Redmond reported a $3.2 billion quarterly loss, a departure for a company that typically creates reliable profit. The loss resulted from $8.4 billion in previously announced charges and layoffs in the company’s struggling mobile-phone operation, which Microsoft bought last year from Nokia.
Microsoft Chief Executive Satya Nadella said that beyond the mobile carnage, results for the three months ended June 30 were better than analysts had expected.
However sales growth came from less-profitable areas.
Revenue was strong from some products targeted largely at the consumer market. Sales of the Surface tablet, for instance, more than doubled from a year earlier to $888 million, and sales of Xbox game consoles and associated videogame revenue rose 27per cent. But that wasn’t enough to create increases in consumer divisions in total, as revenue fell 13 per cent.
Windows revenue took a hit as fewer people bought new personal computers and sales sagged before the release of Windows 10.
For the first time in the company’s history, Microsoft is letting many people with existing computers upgrade to the latest Windows free. To make up the lost revenue, the company is counting on selling those customers add-ons like PC videogames, Office and Web-search ads. This will be a test for Microsoft, which historically hasn’t been successful selling add-on services to consumer PC users.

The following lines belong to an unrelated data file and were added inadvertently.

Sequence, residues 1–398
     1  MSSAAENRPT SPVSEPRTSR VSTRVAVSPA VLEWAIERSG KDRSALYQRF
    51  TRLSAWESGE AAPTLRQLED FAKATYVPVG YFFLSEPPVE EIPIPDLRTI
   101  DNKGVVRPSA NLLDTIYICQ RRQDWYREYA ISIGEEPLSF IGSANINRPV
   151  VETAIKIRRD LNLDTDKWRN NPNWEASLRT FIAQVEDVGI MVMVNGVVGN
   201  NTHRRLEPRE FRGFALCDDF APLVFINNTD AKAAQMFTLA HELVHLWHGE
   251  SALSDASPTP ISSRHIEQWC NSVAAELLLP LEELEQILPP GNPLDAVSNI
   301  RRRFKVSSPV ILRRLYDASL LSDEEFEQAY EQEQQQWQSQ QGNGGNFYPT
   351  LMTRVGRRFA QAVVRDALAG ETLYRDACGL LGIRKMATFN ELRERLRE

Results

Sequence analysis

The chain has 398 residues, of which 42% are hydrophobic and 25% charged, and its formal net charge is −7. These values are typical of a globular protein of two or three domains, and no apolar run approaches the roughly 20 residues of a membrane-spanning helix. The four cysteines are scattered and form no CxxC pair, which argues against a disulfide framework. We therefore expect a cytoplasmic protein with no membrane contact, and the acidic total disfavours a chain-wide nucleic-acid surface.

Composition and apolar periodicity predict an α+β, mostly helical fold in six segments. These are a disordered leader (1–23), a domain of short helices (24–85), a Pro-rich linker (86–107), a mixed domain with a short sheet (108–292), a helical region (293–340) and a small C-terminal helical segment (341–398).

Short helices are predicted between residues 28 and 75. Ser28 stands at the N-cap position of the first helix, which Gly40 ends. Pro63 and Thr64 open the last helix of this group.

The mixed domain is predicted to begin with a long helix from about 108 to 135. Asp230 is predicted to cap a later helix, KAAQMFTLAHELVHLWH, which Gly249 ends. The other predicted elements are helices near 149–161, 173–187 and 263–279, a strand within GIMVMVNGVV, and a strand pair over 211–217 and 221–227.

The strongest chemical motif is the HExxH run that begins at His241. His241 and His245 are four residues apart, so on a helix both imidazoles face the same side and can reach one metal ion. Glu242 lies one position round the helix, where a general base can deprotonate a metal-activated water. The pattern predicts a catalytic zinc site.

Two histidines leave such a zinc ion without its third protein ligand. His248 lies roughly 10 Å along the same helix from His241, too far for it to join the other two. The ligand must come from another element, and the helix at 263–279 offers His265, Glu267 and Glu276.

Most of Microsoft’s profit comes from sales of Windows, Office, databases and other corporate software. Total sales of those and other products sold to businesses rose 0.2 per cent to $13.53 billion in the fourth quarter—the slowest growth pace in at least two years.
Microsoft’s closely watched “cloud” software business, including Web-friendly versions of Office for businesses and the Azure computing service did ok. Cloud software sales rose 88 per cent from a year ago, but those big gains represent a slowdown from prior quarters’ greater-than-100 per cent growth rates.
Overall in the quarter, Microsoft’s loss came to $3.2 billion compared with a year earlier net income of $4.6 billion, or 55 cents a share.
Revenue fell 5.1 per cent to $22.18 billion. Analysts expected revenue of $22.03 billion.